Legal experts and security officials began arriving at Musharraf's office in the capital, Islamabad, at midmorning for meetings on the issue, a presidential aide said. Attorney General Malik Abdul Qayyum said he had been summoned to meet Musharraf later Thursday, but he had not been told the reason.
The aide said Prime Minister Shaukat Aziz held talks with Musharraf before leaving Thursday morning to attend a U.S.-backed tribal peace council aimed at curtailing cross-border militancy by the Taliban and al-Qaida.
Musharraf on Wednesday abruptly pulled out of the meeting in Kabul with more than 600 Pakistani and Afghan tribal leaders, phoning Afghan President Hamid Karzai to say he couldn't attend because of "engagements" in Islamabad.
Secretary of State Condoleezza Rice spoke with Musharraf by phone for more than 15 minutes in the early hours of Thursday, said an official in Washington on condition of anonymity due to the sensitivity of the situation. The official refused to discuss the content of the conversation.
Earlier, State Department spokesman Sean McCormack said the U.S. understands Musharraf's decision to pull out of the meeting in Afghanistan.
"President Musharraf certainly wouldn't stay back in Islamabad if he didn't believe he had good and compelling reasons to stay back," McCormack said.
Musharraf is under growing American pressure to crack down on militants at the Afghan border because of fears that al-Qaida is regrouping there.
The Bush administration has also not ruled out unilateral military action inside Pakistan, but like Obama, has stressed the need to work with Musharraf.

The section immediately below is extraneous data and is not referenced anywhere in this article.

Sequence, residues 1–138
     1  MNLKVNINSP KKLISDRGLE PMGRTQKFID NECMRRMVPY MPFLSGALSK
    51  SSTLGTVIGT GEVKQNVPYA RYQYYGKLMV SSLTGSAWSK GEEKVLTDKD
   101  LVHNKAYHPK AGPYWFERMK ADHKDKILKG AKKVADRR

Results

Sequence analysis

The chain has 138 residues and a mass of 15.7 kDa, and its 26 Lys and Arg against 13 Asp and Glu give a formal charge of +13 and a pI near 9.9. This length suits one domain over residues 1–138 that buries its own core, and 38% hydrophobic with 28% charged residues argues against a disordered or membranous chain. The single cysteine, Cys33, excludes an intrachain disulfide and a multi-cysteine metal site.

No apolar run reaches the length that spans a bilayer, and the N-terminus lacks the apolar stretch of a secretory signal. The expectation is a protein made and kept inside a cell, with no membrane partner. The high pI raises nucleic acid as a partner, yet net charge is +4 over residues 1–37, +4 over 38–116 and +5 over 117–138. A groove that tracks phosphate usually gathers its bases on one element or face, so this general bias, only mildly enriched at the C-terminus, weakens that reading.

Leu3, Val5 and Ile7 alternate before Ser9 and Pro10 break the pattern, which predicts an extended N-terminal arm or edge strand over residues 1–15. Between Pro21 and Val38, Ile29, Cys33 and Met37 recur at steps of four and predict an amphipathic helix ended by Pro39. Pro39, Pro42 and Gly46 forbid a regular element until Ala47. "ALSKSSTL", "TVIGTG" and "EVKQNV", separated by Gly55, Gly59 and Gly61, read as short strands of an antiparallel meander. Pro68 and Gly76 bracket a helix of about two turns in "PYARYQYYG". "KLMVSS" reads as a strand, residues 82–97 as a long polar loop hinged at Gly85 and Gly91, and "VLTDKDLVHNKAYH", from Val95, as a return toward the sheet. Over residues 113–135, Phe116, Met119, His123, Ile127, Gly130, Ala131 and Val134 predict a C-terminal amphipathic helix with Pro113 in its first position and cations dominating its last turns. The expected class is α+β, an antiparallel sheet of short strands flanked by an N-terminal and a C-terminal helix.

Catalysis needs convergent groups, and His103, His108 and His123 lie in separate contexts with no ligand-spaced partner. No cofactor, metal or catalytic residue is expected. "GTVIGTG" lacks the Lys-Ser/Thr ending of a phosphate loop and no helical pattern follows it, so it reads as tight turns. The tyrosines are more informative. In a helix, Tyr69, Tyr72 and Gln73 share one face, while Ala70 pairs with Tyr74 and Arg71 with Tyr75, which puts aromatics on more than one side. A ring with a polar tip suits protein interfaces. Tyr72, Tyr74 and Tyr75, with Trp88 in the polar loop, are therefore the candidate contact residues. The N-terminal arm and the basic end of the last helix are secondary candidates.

On Wednesday, Obama was asked again about his views on Pakistan.
"We can't send millions and millions of dollars to Pakistan for military aid and be a constant ally to them and yet not see more aggressive action in dealing with al-Qaida," he told reporters in Oakland, Calif.
However, he did not repeat the most incendiary line from his foreign policy speech last week when he promised: "If we have actionable intelligence about high-value terrorist targets and President Musharraf won't act, we will."
On Tuesday night, Obama appeared to soften his position during a debate with other Democratic presidential hopefuls.
"I did not say that we would immediately go in unilaterally. What I said was that we have to work with Musharraf, because the biggest threats to American security right now are in the northwest provinces of Pakistan."
Obama and his spokesman could not immediately be reached for comment Wednesday on Pakistan's possible declaration of a state of emergency.